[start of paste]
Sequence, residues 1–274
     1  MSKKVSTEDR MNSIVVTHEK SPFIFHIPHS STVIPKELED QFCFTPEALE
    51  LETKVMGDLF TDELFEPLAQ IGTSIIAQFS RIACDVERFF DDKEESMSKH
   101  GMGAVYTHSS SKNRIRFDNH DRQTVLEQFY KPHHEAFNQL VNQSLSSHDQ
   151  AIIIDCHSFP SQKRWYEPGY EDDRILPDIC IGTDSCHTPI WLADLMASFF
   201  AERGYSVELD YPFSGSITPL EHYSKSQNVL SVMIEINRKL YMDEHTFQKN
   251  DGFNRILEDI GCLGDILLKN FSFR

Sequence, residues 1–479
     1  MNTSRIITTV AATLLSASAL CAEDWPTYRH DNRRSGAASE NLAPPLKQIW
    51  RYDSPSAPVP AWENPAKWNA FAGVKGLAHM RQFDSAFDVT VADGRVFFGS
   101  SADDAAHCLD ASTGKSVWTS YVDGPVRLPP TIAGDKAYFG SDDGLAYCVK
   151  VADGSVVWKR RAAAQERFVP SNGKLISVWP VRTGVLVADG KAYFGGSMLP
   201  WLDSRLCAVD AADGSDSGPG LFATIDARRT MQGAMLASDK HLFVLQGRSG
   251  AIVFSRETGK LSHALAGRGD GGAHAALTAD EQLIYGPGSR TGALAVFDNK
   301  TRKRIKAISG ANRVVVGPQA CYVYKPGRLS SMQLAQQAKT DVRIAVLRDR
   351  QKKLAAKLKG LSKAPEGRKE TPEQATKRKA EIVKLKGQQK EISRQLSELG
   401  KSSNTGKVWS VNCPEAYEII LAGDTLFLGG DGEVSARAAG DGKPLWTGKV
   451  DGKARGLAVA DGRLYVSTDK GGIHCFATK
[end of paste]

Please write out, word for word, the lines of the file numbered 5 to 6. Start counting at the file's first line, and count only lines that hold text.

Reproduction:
   151  AIIIDCHSFP SQKRWYEPGY EDDRILPDIC IGTDSCHTPI WLADLMASFF
   201  AERGYSVELD YPFSGSITPL EHYSKSQNVL SVMIEINRKL YMDEHTFQKN